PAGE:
Feb 4, 2013, 2:02 PM EDT
It’s interesting to see where Jurgen Klinsmann strategically picks his spots to be a little more revealing about those highly scrutinized personnel choices.
Sometimes he just says “This Guy” is ahead of “That Guy” and leaves it there. (Still more than you get from some coaches.)
Other times, the U.S. manager drops the bucket deeper into the knowledge well and pulls out a little more for consumption from a thirsty public. We get that today with the mercurial Benny Feilhaber.
So many U.S. Soccer supporters wonder why Feilhaber, a technically gifted midfielder who was part of the American World Cup team two-and-half years back in South Africa, cannot gain more traction under Klinsmann.
Feilhaber had one appearance last year. It lasted 61 minutes in a February friendly … then he was gone. For the rest of the year Feilhaber got as many minutes as Thomas Dooley – and he hasn’t been part of the program for 15 years.
So the January camp and the friendly against Canada represented huge opportunity for Feilhaber, who hasn’t always assimilated smoothly into the larger group dynamic. Klinsmann said Monday that Feilhaber had a good camp and left a “really positive impression” on the staff.
“And also he played a really decent second half against Canada,” Klinsmann said.
So why, then, was Feilhaber not part of the 24-man selection announced Monday for this week’s World Cup qualifier against Honduras? Clearly, the technical ability is there. Even Klinsmann says so.
“He’s right there! He is always in our discussion when we put a roster together,” Klinsmann said via teleconference Monday.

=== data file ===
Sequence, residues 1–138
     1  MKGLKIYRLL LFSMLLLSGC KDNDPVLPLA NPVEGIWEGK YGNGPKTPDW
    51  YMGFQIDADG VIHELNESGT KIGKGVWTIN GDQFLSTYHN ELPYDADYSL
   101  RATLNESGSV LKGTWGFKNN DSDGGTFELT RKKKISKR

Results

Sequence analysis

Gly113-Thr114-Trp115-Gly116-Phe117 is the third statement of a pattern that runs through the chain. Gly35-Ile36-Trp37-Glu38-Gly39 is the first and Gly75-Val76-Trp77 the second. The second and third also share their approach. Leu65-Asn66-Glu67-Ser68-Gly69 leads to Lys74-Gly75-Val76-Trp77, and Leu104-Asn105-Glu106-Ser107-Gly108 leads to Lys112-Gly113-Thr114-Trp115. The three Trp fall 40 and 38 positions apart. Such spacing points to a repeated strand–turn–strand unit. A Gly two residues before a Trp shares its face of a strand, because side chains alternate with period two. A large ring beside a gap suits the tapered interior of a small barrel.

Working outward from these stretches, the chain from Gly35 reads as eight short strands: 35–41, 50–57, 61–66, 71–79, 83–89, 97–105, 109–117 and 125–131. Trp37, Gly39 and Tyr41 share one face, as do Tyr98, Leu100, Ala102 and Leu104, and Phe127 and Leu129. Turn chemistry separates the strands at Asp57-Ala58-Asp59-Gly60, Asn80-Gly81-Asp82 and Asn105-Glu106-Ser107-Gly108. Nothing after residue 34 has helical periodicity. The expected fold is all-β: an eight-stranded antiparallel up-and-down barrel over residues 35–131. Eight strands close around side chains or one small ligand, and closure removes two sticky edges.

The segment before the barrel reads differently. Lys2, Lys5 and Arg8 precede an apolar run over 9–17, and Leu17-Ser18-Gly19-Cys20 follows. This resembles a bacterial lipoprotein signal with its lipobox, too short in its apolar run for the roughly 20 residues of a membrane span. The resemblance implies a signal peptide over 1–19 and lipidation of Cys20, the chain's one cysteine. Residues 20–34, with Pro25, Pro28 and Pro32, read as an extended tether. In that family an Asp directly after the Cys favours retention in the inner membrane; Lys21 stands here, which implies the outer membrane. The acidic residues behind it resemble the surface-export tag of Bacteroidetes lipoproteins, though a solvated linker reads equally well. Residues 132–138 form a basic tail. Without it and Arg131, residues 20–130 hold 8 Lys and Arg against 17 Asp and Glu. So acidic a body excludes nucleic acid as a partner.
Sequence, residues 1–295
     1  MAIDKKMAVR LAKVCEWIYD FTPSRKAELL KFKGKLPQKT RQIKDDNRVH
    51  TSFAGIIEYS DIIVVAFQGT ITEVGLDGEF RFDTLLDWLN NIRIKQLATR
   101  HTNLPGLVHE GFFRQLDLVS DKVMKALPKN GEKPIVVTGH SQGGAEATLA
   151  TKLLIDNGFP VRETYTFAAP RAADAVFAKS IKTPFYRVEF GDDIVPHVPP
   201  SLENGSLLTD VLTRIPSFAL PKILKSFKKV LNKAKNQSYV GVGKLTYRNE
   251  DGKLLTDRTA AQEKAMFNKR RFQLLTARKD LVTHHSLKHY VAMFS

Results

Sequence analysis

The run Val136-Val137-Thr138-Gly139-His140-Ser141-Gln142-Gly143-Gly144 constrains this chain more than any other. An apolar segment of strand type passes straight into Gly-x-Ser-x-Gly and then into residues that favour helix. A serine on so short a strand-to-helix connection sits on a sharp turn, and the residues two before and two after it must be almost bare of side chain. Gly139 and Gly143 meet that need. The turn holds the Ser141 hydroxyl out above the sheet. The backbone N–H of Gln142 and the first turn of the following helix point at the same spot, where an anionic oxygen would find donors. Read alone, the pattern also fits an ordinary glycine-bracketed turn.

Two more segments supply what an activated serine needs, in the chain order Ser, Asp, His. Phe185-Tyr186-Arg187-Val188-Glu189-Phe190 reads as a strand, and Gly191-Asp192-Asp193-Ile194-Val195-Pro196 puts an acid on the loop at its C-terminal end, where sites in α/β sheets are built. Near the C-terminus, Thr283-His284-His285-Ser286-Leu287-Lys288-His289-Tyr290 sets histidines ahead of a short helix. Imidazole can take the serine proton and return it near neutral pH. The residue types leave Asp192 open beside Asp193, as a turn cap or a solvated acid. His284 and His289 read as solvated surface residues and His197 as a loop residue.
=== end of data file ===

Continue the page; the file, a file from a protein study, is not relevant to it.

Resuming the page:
When asked (OK … When I asked … ) if Klinsmann could help us understand what Feilhaber needed to get himself past this plateau, the U.S. coach did take us a little deeper.
“We want him to become more of a ‘pusher’ in terms of being more involved in the game. And on a consistent basis, meaning every couple minutes, every two or three minutes. Here and there it seems like he is fading out and then coming back in.
“He’s a little inconsistent, but he’s working on that. That has to do obviously with the technical approach, but also with the physicality of the game, the rhythm and the pace of the game.”
Klinsmann mentioned conversations with Sporting Kansas City manager Peter Vermes about this very subject and predicted that SKC’s demanding coach will push Feilhaber to improve on those very elements. Given Sporting’s high pressure, go-go style, Feilhaber will have little choice. If he drifts or becomes too static for SKC it will be obvious to everyone to see, because his teammates will be zipping and zooming at a measurably greater speed around him.
Klinsmann also mentioned “time lines” and “urgency.” Here the message to all players could not be clearer: It’s time! Make a move now, get into the qualifiers – or risk being left behind for Brazil 2014. That, of course, is almost every soccer players’ dream, to find themselves in a World Cup.
“We think he absolutely has the qualities, has the technical ability to be part of the inner circle of the national team,” Klinsmann said. “Not being called in for this game doesn’t mean he’s out of the picture.
“We expect for Benny to push it now, to show with his club team and when he has a chance coming into our group. Because with World Cup qualifiers and [this summer’s CONCACAF] Gold Cup, there will be opportunities for Benny coming up.”
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